A rebellious girl could become a hippie if she was prepared to lie back and think of the revolution—but a girl couldn’t become an Angry Young Man.
A critic for the Daily Mail dubbed Delaney an “Angry Young Woman,” in his opening-night review, but anger, like sexual desire, was not something “decent” girls could own back then; it might have been more accurate to call them Wayward—“difficult to control”—Young Women. From the Irish county girl’s daughter—O’Brien—to Dunn, descended from Charles II and Nell Gwynn and granddaughter of the fifth Earl of Rosslyn—the man who broke the bank at Monte Carlo—what they had in common was a desire to grab their share of the social revolution taking place in the postwar West, rather than make do with being an artist’s mistress, stripping off and washing up in some bohemian garret before their youthful charms faded and they were replaced by someone more malleable.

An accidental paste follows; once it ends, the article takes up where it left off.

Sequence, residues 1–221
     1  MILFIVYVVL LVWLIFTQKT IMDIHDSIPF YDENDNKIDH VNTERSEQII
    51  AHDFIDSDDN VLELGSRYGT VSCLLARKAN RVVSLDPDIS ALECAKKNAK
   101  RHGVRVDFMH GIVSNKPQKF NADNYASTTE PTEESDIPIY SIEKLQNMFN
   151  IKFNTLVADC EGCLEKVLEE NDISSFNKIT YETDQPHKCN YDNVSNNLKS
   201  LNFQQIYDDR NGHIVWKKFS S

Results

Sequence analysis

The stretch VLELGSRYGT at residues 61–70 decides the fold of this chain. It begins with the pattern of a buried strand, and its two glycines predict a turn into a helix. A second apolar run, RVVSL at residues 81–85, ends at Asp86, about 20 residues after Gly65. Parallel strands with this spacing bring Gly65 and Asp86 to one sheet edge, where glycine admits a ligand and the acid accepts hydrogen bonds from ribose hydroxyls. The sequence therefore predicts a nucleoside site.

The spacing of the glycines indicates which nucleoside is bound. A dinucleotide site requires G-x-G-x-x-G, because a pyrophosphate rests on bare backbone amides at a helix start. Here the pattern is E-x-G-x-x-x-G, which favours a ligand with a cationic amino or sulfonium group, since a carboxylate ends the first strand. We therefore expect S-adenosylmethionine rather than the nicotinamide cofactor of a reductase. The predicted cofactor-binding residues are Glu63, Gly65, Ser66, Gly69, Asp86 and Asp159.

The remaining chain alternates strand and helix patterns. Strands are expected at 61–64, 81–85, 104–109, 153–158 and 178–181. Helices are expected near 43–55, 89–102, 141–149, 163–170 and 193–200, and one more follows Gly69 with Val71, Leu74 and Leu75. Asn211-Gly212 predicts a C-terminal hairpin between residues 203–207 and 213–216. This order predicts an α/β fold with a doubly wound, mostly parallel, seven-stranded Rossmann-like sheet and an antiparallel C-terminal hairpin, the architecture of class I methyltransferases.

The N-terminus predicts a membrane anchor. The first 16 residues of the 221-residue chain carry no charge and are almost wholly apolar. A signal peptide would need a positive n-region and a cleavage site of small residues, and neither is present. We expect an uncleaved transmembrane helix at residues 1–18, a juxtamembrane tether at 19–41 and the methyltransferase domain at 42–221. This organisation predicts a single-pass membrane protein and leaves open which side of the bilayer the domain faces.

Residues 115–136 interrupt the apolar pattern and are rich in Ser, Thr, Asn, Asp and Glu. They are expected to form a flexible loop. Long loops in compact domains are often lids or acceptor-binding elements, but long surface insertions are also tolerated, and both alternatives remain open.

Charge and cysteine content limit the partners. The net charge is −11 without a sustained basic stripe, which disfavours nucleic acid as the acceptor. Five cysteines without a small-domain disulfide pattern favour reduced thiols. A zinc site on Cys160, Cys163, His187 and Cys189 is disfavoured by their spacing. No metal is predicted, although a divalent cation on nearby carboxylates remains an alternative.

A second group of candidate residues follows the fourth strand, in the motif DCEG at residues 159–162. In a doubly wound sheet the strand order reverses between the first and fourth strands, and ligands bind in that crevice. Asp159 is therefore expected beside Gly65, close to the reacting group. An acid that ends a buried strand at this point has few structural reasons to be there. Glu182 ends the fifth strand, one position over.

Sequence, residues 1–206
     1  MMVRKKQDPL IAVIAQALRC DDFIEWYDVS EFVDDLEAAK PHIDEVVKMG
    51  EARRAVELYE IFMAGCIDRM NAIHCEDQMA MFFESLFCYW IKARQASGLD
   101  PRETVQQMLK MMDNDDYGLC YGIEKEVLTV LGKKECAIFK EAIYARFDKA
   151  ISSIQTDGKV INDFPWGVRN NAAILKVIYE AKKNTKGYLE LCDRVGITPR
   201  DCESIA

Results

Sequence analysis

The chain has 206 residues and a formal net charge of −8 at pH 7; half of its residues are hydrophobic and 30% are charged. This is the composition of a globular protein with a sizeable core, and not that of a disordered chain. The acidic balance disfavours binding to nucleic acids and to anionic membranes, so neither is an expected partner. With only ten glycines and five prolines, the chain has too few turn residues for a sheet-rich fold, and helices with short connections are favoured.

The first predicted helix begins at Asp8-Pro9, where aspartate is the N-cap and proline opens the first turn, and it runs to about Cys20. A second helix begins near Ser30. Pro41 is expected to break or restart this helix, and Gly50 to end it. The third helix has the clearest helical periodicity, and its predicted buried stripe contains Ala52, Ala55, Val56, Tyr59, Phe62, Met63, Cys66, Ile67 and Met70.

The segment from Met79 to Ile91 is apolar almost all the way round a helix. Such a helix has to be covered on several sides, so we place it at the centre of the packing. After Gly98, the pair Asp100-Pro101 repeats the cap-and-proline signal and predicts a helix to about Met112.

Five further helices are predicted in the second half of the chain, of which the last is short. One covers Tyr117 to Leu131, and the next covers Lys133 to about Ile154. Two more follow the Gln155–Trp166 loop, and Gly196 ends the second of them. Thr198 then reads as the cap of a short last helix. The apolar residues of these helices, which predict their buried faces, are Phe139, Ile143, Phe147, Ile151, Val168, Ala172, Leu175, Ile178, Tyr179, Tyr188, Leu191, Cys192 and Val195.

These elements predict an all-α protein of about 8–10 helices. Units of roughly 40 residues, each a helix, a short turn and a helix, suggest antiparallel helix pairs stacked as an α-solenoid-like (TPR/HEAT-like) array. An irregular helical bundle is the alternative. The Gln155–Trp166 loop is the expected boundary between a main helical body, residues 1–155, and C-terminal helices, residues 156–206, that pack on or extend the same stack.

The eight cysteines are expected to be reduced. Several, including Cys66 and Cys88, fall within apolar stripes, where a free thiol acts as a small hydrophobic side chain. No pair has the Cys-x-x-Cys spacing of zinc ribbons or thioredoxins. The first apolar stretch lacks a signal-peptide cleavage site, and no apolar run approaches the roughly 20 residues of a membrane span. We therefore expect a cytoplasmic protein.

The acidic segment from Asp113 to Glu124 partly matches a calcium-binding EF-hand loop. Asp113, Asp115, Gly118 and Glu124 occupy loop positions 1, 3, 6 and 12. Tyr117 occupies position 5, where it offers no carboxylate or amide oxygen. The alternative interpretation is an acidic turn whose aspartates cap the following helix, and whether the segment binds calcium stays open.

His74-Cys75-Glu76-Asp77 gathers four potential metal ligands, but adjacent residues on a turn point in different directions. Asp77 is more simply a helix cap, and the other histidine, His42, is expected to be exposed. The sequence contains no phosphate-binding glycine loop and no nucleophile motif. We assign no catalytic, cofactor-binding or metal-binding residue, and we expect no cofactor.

Despite their brains and talent, Brayfield writes, these women were corralled and condescended to every step of the way. O’Brien’s first book was bought by an editor who fancied her; Delaney wanted to buy a sports car with her earnings and was told off by her mentors. But their ambition and determination wins through, and their youthful gumption will make you feel both your age and like cheering.